[credit provider=”Daniel Goodman / Business Insider”]
The Department of Justice came out yesterday in support of a report calling on the government to get behind foreclosure mediation programs. The lengthy report was based on a spring 2011 foreclosure modification workshop attended by dozens of foreclosure mediation program stakeholders and researchers.
Mediation programs have really taken off in the last couple of years and are typically designed for communities hardest hit by the housing crisis.
State and local lenders generally enlist the help of a third-party moderator to help hammer out a compromise with struggling homeowners. (See ways to get out of your mortgage mess.)
But the general consensus from researchers is that these types of programs won’t work without rigorous federal support and oversight.
The central issue is such initiatives are still relatively new and as of yet there are no federal guidelines to dictate exactly how they should function in communities. Also, no one even knows just how well they’re working yet.
“Although the impact of well-crafted programs appears promising, only a few jurisdictions have engaged in an in-depth study of program outcomes, and to date there has been no comprehensive study comparing outcomes for homeowners in mediation to similarly situated homeowners who have not had the benefit of mediation,” the report says.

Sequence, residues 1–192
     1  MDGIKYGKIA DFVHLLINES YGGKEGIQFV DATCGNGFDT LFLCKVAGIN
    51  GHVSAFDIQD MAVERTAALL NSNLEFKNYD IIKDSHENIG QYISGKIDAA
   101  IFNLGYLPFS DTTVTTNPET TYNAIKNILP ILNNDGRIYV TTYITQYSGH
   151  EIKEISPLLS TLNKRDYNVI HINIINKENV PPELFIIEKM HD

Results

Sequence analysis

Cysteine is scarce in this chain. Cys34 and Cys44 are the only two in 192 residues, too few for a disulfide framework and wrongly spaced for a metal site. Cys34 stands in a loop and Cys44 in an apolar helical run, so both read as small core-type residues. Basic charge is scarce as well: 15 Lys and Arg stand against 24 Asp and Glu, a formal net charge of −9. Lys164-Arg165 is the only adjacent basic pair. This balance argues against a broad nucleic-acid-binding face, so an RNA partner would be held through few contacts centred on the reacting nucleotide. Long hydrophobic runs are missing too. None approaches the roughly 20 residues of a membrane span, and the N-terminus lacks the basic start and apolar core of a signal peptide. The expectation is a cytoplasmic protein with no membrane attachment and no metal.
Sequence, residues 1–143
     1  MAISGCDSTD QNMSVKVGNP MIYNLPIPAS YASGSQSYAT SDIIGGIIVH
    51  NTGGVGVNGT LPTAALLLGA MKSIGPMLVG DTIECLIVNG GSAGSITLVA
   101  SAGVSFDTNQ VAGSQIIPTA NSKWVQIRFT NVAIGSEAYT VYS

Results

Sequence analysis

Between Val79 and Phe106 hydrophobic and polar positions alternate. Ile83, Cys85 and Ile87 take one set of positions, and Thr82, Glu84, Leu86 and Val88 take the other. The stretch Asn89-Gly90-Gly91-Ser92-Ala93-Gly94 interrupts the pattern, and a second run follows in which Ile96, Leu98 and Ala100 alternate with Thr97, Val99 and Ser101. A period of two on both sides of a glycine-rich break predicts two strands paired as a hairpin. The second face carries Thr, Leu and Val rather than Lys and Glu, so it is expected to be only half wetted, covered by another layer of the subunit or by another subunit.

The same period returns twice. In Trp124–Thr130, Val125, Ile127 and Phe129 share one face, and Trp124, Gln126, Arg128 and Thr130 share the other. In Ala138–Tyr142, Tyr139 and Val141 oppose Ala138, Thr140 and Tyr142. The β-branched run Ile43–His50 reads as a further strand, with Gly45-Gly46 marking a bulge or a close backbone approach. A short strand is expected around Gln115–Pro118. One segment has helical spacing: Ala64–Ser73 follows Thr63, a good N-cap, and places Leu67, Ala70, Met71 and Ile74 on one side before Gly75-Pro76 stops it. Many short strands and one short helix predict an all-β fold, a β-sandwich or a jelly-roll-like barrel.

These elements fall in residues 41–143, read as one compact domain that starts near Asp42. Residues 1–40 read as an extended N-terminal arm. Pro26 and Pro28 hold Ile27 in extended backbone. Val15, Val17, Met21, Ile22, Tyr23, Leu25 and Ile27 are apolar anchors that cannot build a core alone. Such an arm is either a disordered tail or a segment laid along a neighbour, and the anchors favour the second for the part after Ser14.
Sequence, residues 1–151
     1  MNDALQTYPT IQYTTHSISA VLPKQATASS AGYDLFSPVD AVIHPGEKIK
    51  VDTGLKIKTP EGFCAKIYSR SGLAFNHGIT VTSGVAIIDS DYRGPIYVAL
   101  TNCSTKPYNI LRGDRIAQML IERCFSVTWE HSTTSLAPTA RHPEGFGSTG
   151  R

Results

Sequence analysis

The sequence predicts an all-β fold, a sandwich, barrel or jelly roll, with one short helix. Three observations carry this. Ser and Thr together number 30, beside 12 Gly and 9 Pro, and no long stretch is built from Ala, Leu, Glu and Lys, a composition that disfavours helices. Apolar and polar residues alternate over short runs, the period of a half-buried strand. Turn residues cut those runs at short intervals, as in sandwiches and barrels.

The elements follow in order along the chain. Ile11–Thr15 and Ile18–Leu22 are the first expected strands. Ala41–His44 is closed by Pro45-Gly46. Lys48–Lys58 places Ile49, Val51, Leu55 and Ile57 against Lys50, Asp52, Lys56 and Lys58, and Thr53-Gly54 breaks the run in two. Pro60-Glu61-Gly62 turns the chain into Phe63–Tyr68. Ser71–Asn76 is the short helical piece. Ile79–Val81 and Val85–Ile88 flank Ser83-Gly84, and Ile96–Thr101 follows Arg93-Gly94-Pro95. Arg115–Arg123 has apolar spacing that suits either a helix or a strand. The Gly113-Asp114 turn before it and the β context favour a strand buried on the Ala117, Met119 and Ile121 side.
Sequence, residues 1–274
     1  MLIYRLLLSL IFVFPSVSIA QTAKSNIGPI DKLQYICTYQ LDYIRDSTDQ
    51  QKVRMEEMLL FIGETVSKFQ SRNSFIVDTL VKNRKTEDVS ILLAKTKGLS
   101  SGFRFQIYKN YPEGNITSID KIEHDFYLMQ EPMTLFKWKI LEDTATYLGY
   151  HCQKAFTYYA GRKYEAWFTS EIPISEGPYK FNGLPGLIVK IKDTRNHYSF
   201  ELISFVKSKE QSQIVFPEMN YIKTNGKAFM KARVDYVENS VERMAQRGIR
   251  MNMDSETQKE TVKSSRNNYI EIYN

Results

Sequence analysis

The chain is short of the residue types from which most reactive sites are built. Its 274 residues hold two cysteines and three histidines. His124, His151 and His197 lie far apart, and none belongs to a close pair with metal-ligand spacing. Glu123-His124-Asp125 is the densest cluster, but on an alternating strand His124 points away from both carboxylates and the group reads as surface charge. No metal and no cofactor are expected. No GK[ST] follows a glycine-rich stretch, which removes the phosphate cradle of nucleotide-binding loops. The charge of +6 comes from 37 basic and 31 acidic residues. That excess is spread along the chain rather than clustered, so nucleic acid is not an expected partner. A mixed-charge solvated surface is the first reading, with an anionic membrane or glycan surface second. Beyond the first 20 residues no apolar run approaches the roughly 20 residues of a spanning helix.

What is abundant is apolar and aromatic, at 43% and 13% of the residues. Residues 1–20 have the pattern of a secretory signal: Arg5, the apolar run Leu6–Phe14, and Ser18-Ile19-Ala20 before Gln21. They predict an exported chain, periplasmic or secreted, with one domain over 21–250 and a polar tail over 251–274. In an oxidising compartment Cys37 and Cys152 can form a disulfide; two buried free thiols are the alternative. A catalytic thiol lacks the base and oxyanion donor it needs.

At least 25 states are playing host to 30 such programs, according to the DOJ. Bank of America is among the largest private lenders to launch its own outreach efforts and claims more than 50,000 borrowers have participated so far.
Congress-backed nonprofit NeighborWorks debuted a foreclosure mediation workshop in 2010 and is now one of the largest funders of foreclosure-mitigation counseling in the nation.
At the workshop, participants asked the federal government to require all federally-backed loans (which represent the bulk of mortgages in the country) to go through some sort of mortgage modification process before a foreclosure can take place. It’s clear the last thing anyone wants is another robosigning scandal.
There will also need to be a careful review process in place to evaluate programs and ensure they’re functioning properly. At the very least, homeowners would have peace of mind knowing they’re receiving a legitimate service and help them steer clear of shady mortgage rescue firms.
See the DOJ’s full report here.